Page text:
Worried about tipping over on your SUP in whitewater? Boardworks and partner company Badfish of Salida, Colo., recently unveiled a new inflatable paddleboard that will do wonders to keep you on the surface where you belong.
Predicted to lead the market in terms of performance and stability, the new patent-pending board – the MCIT, for Multi Chamber Inflatable Technology — challenges the design constraints of existing drop-stitch inflatable SUP technology by offering tapered rails and enhanced rigidity. In short, it’s a board with small “sponsons” on the side, greatly increasing stability.
“Conventional drop-stitch material construction, which is used by the leading inflatable SUP manufacturers, has a consistent thickness, limiting design variations to outline shape and rocker curve,” says designer Phil Rainey of Boardworks. “Our new technology lets us create design elements previously only possible in hard boards, including tapered rails which increase responsiveness and stability.” He adds that MCIT’s I-Beam Stiffening System is another design innovation that greatly boosts rigidity.
These features and more make the MCIT suitable for all levels of SUP paddlers, from beginners and surfers to fitness paddlers and river runners. They also make it perfect for instructional programs, combining ease of storage and transport with stability, safety and durability.
With its enhanced rigidity and stability, the MCIT is also expected to open the doors to the world of river SUP, which is what Boardworks partner Badfish SUP of Salida, Colo., plans to capitalize on with the design it helped create.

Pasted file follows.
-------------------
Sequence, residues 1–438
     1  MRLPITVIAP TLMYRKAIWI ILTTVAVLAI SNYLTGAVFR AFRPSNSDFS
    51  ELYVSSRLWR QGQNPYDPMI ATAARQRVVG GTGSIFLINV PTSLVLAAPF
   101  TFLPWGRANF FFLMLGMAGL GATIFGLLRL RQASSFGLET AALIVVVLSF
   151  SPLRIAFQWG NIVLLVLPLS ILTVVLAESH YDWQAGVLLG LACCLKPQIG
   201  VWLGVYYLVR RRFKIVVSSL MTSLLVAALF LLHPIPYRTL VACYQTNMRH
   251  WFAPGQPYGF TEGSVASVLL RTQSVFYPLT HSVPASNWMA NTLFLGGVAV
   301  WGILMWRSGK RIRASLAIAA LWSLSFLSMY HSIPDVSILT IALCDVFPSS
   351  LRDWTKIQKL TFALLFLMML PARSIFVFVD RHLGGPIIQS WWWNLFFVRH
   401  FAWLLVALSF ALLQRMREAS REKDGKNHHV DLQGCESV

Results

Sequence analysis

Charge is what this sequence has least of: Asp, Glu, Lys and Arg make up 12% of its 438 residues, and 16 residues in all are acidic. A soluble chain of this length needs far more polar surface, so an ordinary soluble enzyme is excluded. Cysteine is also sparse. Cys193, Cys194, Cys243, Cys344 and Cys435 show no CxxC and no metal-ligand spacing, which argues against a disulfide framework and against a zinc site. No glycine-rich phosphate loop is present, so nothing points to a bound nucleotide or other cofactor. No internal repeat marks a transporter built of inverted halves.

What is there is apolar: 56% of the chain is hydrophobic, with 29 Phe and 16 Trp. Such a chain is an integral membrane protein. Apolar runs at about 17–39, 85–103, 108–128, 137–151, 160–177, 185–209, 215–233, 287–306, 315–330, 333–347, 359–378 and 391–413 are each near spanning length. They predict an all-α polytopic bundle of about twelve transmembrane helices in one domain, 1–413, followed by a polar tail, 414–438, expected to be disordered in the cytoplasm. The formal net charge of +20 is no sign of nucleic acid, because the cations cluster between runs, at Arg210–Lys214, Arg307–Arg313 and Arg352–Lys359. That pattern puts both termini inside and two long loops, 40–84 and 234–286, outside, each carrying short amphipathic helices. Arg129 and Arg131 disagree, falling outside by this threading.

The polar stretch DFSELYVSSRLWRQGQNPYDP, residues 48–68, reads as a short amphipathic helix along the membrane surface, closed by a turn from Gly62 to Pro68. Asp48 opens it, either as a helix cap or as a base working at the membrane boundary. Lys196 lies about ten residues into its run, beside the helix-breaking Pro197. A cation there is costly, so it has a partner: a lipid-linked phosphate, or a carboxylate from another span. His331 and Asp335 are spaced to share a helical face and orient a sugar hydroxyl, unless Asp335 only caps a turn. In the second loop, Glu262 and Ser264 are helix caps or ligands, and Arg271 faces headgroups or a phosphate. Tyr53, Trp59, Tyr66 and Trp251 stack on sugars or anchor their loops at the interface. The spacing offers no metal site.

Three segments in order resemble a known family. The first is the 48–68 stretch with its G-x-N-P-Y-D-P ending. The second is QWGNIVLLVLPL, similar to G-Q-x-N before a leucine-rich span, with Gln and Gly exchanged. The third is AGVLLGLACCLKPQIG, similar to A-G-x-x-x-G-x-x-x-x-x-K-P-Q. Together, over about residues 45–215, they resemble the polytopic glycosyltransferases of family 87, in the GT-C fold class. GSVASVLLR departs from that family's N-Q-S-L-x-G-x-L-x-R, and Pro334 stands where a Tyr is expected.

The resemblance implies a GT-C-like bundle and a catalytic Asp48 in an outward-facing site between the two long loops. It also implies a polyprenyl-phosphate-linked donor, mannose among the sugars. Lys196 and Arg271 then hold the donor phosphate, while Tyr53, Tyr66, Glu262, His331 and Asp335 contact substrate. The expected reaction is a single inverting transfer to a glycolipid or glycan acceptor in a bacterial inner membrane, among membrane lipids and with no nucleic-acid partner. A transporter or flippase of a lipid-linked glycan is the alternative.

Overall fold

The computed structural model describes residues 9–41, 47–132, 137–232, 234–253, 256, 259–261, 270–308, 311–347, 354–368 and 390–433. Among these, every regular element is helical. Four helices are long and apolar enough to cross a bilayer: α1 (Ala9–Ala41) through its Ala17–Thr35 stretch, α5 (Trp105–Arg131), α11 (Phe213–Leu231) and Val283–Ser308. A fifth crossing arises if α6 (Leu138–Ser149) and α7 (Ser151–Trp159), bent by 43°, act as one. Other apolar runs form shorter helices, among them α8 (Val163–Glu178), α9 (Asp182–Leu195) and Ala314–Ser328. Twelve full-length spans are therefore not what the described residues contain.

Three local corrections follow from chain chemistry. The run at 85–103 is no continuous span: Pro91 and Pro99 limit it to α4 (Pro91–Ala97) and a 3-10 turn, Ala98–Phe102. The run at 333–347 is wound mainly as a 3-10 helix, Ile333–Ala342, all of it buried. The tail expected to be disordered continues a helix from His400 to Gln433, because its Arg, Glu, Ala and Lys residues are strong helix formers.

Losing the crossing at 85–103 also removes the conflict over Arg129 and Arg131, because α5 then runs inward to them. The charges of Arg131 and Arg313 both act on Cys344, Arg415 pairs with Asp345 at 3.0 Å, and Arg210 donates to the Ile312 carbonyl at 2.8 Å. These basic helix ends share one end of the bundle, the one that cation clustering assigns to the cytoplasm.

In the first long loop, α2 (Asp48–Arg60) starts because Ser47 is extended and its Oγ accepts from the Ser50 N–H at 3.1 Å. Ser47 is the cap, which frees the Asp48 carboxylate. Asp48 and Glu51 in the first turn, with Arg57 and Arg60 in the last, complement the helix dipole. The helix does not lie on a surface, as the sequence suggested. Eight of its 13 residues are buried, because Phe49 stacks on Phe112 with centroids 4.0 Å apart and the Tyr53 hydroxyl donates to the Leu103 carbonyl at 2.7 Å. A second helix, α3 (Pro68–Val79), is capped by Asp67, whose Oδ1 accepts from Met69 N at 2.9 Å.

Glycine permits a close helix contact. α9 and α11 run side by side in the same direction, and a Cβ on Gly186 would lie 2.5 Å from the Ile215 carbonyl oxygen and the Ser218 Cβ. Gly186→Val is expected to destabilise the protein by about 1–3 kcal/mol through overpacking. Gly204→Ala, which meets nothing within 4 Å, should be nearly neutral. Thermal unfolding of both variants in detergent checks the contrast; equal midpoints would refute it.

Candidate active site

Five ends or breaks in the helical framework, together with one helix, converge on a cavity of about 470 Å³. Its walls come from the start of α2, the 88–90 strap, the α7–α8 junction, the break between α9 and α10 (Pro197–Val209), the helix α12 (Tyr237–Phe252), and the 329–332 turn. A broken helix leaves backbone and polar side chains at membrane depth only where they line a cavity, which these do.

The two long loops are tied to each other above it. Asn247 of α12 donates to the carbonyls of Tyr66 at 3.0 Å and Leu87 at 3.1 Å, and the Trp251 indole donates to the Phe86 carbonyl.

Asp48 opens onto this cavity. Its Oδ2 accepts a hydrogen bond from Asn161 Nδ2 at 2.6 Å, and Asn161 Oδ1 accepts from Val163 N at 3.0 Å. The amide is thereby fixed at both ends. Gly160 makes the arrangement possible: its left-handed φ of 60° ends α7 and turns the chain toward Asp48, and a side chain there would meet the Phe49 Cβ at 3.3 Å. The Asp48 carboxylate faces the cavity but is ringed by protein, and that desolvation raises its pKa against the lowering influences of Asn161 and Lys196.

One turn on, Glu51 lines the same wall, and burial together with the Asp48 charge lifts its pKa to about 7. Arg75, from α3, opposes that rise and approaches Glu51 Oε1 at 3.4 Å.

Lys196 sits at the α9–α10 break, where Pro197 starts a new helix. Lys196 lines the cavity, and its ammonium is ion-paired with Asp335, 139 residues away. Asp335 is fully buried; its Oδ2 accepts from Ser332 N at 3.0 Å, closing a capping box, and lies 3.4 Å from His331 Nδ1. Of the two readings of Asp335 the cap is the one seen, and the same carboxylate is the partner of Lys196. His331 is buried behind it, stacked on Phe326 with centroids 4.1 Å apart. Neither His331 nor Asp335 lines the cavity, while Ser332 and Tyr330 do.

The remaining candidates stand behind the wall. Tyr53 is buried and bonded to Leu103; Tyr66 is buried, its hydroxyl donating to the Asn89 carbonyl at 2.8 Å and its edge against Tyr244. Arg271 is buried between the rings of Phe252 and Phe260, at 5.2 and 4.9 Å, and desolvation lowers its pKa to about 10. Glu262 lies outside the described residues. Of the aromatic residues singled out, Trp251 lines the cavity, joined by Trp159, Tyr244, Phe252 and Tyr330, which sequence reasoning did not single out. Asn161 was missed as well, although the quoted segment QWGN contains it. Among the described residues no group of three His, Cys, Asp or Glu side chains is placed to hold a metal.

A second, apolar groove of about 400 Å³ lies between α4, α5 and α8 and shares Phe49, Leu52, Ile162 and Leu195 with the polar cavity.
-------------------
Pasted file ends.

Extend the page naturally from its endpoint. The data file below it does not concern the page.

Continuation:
“Inflatable boards are popular for river use, but until now they’ve required sacrifices in stability and performance,” says Badfish co-owner Mike Harvey, who helped design the board with partner Zack Hughes and the Boardworks’ design team. “The new MCIT is the most stable inflatable in whitewater, yet it’s incredibly nimble and fun to paddle. It does many of the things that make our MVP hard board a great river runner.”
Perhaps its best feature, he adds, is the board’s secondary stability. “You can lean it over on edge to make eddy turns and the rails don’t grab, which is a critical feature for river SUP boards,” Harvey says. “It also has three air chambers compared to one in conventional inflatable SUPs, making it safer, and it punches holes and surfs waves well.”
The Boardworks Badfish MCIT line is comprised of 9’0”, 10’6” and 11’6” models and will be available in the spring of 2012.